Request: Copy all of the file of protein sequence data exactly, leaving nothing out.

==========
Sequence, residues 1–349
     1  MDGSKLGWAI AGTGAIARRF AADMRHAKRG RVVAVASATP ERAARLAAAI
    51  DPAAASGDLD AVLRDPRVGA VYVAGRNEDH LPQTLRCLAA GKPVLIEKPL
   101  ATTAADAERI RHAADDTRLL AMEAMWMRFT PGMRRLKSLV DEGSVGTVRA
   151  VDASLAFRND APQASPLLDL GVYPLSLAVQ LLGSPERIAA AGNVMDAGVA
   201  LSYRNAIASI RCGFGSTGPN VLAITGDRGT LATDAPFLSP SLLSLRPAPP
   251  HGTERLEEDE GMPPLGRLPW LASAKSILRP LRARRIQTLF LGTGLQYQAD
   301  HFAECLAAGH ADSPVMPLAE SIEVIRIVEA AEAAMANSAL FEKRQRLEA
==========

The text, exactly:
Sequence, residues 1–349
     1  MDGSKLGWAI AGTGAIARRF AADMRHAKRG RVVAVASATP ERAARLAAAI
    51  DPAAASGDLD AVLRDPRVGA VYVAGRNEDH LPQTLRCLAA GKPVLIEKPL
   101  ATTAADAERI RHAADDTRLL AMEAMWMRFT PGMRRLKSLV DEGSVGTVRA
   151  VDASLAFRND APQASPLLDL GVYPLSLAVQ LLGSPERIAA AGNVMDAGVA
   201  LSYRNAIASI RCGFGSTGPN VLAITGDRGT LATDAPFLSP SLLSLRPAPP
   251  HGTERLEEDE GMPPLGRLPW LASAKSILRP LRARRIQTLF LGTGLQYQAD
   301  HFAECLAAGH ADSPVMPLAE SIEVIRIVEA AEAAMANSAL FEKRQRLEA